What did Abraham Lincoln and Johnathan Larson, the playwright of the musical “Rent,” have in common?  They both had Marfan Syndrome, according to a new documentary that will be screened at the film festival this weekend.

“In My Hands” eloquently explores the lives of a few of the more than 200,000 people in the US stricken with Marfan Syndrome – a little known genetic connective tissue condition that, prior to the invention of open heart surgery in the 1950’s, usually meant a death sentence – and the people who love them.

I spoke with award-winning co-producer and director of the film, Brenda Siemer Scheider, earlier this week.

TBP:  You have produced a number of films, including “I Know a Song” about your mother’s journey with Alzheimer’s, which aired on PBS.  Your latest project, “In My Hands” documents those living with another disease.

Scheider:  My longtime friend Ann Reinking came to me with the idea for the film.  For years, as a mother of a son with Marfan Syndrome, she was consumed with how dilated his aorta was.  She was always focused on how to keep her son alive but did not talk about it much.

It was such a thrill and honor when she suggested going to the national conference for people with the disease and just “see what happens.”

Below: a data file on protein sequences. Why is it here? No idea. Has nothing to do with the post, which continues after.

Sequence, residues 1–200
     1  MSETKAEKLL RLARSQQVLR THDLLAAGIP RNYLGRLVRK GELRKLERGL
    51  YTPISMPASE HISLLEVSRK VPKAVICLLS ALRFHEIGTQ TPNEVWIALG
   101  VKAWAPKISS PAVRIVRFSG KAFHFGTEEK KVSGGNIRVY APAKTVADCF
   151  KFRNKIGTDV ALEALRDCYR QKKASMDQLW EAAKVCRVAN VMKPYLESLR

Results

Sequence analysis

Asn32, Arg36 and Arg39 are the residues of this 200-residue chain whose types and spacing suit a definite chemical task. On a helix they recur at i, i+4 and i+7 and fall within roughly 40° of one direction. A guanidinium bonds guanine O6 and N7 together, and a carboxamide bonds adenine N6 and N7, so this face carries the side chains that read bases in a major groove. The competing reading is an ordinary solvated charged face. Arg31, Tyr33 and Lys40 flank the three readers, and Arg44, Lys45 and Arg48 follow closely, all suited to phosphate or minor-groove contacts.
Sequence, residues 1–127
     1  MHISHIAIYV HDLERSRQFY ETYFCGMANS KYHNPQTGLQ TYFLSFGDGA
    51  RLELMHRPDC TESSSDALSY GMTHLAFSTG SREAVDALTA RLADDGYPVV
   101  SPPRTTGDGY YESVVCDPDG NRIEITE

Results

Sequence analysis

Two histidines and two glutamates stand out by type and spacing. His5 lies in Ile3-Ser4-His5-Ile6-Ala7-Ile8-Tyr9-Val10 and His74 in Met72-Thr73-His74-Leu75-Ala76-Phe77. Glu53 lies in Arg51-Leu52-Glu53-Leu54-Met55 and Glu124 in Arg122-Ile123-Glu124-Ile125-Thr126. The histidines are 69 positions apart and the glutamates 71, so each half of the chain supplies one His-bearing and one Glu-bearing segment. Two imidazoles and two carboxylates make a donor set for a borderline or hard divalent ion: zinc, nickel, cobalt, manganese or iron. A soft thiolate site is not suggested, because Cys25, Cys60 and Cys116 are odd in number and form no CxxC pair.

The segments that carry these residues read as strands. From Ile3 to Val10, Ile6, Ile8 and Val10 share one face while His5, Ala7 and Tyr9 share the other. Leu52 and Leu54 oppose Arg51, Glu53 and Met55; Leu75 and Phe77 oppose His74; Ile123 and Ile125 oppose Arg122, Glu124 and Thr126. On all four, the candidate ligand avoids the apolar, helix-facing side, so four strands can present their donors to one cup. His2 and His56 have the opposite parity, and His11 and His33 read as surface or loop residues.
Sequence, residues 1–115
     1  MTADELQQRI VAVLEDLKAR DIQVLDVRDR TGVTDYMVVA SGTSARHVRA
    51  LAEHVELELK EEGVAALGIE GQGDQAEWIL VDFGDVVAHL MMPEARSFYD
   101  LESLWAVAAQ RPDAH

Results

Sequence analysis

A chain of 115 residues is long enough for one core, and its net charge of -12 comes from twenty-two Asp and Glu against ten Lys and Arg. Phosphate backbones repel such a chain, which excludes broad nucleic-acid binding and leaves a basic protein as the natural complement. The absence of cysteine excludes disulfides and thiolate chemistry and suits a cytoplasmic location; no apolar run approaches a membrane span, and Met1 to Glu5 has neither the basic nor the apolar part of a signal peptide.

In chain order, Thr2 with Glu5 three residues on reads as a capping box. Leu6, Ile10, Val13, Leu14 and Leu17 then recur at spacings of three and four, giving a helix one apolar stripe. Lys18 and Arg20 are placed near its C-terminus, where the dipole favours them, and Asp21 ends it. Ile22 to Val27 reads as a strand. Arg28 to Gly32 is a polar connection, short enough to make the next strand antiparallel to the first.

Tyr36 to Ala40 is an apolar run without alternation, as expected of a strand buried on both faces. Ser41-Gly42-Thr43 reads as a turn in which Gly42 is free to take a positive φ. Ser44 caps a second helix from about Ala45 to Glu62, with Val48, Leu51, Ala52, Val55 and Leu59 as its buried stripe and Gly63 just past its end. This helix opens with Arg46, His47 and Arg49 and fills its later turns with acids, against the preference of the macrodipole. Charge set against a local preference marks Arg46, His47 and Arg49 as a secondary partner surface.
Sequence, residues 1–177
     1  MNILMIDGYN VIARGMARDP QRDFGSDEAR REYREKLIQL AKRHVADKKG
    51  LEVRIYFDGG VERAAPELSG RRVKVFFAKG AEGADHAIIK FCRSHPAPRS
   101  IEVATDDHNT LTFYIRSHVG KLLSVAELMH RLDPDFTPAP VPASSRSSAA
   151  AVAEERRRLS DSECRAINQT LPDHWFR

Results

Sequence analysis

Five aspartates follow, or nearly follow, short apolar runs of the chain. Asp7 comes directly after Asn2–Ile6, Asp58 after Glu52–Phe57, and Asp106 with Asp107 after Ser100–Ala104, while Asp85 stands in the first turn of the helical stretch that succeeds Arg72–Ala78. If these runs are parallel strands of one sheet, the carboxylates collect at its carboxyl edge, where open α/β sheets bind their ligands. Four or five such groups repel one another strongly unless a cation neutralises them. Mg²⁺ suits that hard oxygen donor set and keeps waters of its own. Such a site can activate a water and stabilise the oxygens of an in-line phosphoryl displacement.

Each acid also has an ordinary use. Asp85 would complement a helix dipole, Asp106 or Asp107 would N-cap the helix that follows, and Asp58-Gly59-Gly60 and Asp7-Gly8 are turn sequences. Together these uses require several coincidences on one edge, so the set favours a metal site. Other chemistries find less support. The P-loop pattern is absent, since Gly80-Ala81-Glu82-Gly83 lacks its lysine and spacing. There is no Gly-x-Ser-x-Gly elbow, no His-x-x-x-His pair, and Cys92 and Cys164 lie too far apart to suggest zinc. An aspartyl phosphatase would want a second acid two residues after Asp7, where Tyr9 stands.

During the conference the kids went off and did tightrope exercises.  When Ann saw that her son was the first one on the wire and despite everything, he could be out there and do that, it was brilliant both for her and her son.

TBP:  And Ann, the Tony-award winning choreographer of “Fosse” and the revival of “Chicago,” was inspired at the conference.

Scheider:  Having a tall, thin stature with disproportionately long legs, arms, feet and hands is one of the characteristics of Marfan Syndrome.  Just seeing the kids move – just walking – is beautiful and it made Ann want to choreograph for them.

TBP:  Which became a gorgeous part of the documentary.

Scheider:  These kids never heard of choreography.  They were so shy and not feeling comfortable in their bodies.  To see them evolve over the course of filming the documentary was beautiful.  Ann inspired them to believe that they could move in harmony.

Suddenly these girls felt special and like Ginger Rogers.  Just looking like exquisite figures with simple movements – it was thrilling.

Ann will be at the discussion after the film to talk about this, the power of film.

You are only as sick as your secrets.  Letting your secrets go liberates your body and I think this film and the dance helped liberate a lot of families.

Watching this film with us will tell you to take a look at your life and ask you to review it.  There is a personal freedom found that everyone can relate to.  The stories will wash over you.

“In My Hands” at the Paramount Theatre, Saturday, April 2 at 1pm.  Discussion immediately following with Brenda, Ann and others featured in the documentary.  Click here for the trailer.

For the complete Garden State Film Festival schedule, click here.

For more about Marfan Syndrome, visit Marfan.org.